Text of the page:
Beckman adopted a pacifist stance in the years before World War II.[5] He wrote an open letter to Senator William Borah of Idaho encouraging him in his efforts to maintain American neutrality. At a rally on October 20, 1939, Beckman supported noted radio priest Father Charles Coughlin in his stand for peace. The next week he went on the radio with Coughlin and said that the Communists wanted the U.S. to enter the war so that worn out by the war, it would be more susceptible to communist thought.[3] He made numerous speeches against U.S. involvement in the war until Pearl Harbor was attacked by the Japanese.

Impressed with Catholic culture he had seen in Europe, Beckman began to collect fine art pieces starting with a small collection of artifiacts belonging to Father William Kessler at Columbia Academy in Dubuque. He had placed a number of art pieces in a museum that was created at Columbia (now Loras) College with the assistance of the Midwest Antiquarian Association. This collection had included works of some of the best artists over the past few centuries including Winslow Horner, Rembrandt, Rubens, and Van Dyck. The collection was estimated to be worth 1.5 million dollars.[3]

In 1936 Archbishop Beckman was introduced to the idea of investing borrowed money in gold mines by Phillip Suetter of California. He perhaps thought that he could gain funds to further his art collection. Instead Beckman had involved the archdiocese in what turned out to be a dubious gold mine scheme. Beckman signed promissory notes on behalf of the archdiocese, which caused financial problems for the archdiocese when the scheme fell apart and Suetter was arrested. President Franklin Roosevelt directed the FBI to investigate Beckman to determine the extent of his involvement in this financial scheme, not because of Beckman's opposition to the president as some believed. Soon the holders of the notes began demanding repayment. Most of Beckman's collection was sold to pay off the notes. The cost to the archdiocese was over half a million dollars.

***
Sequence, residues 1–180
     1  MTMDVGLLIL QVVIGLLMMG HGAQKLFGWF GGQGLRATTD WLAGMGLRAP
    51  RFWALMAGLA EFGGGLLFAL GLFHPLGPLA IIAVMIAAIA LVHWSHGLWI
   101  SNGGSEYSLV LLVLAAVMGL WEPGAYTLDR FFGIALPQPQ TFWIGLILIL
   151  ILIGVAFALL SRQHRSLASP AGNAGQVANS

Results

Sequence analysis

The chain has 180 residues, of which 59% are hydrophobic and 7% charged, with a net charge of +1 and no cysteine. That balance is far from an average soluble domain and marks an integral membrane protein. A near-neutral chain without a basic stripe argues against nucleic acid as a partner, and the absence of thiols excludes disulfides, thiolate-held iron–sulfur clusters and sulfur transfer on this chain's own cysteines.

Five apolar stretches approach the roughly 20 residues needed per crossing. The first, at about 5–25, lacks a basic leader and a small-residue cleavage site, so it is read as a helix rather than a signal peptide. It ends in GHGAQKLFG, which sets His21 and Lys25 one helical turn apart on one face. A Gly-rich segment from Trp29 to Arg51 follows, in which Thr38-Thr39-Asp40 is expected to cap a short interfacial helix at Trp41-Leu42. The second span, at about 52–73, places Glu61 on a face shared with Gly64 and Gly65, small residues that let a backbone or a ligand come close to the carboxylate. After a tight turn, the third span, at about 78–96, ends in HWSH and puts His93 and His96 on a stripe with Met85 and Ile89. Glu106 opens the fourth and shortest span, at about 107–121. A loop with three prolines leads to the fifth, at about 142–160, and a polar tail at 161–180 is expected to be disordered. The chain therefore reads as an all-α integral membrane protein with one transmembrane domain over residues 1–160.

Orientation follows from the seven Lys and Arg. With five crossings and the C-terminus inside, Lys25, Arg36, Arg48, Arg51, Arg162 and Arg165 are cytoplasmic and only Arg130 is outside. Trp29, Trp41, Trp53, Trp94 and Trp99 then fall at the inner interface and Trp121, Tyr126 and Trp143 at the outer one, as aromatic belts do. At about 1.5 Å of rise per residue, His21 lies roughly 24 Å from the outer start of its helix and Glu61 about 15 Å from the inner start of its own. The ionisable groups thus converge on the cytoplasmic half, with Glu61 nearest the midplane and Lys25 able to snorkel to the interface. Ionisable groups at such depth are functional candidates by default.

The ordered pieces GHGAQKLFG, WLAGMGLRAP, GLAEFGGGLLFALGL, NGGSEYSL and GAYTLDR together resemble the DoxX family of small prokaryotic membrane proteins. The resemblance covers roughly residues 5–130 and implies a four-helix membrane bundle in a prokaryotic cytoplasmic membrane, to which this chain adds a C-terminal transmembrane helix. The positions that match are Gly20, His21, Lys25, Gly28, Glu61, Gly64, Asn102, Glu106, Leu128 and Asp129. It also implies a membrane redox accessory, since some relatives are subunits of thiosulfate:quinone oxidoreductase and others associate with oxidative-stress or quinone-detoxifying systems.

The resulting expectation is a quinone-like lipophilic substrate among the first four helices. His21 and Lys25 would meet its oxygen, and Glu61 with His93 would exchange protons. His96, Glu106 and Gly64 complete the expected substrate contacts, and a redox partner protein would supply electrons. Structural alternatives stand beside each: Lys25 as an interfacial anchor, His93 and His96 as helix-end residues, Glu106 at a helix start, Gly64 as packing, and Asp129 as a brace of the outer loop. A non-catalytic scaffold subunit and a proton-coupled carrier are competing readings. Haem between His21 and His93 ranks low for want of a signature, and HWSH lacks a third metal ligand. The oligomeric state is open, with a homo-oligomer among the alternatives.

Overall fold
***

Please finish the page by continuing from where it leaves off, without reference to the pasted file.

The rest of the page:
As a result of all of Beckman's problems, Bishop Henry Rohlman of Davenport was transferred to Dubuque to serve as coadjutor archbishop and apostolic administrator. Beckman was allowed to retain his title as Archbishop of Dubuque, but it was made clear to him that actual authority rested with Rohlman.[3]

Later life and Death[edit]

Archbishop Beckman remained Archbishop of Dubuque until Pope Pius XII named him Titular Archbishop of Phulli and he retired on November 11, 1946. Following retirement, Beckman left Dubuque and moved to Cincinnati.

Beckman died at the Alexian Brothers Hospital in Chicago, Illinois, at age 72. He was buried in the mortuary chapel of Saint Raphael's Cathedral in Dubuque.

Catholic Church titles
Preceded by
Charles Joseph O'Reilly
Coat of Arms of the Roman Catholic Diocese of Lincoln.svg

Bishop of Lincoln

1923–1930
Succeeded by
Louis Benedict Kucera

References[edit]

  1. ^ a b c d e f Curtis, Georgina Pell (1961). The American Catholic Who's Who XIV. Grosse Pointe, Michigan: Walter Romig. 
  2. ^ a b c "Archbishop Francis Joseph Beckman". Catholic-Hierarchy.org. 
  3. ^ a b c d http://www.encyclopediadubuque.org/index.php?title=BECKMAN%2C_Francis_J.L.
  4. ^ http://www.newspaperarchive.com/DailyPerspectiveFullView.aspx?ViewDate=10/25/2007
  5. ^ Justus D. Doenecke (2003). Storm on the Horizon: The Challenge to American Intervention, 1939–1941. Rowman & Littlefield. ISBN 0-7425-0785-8. 

External links[edit]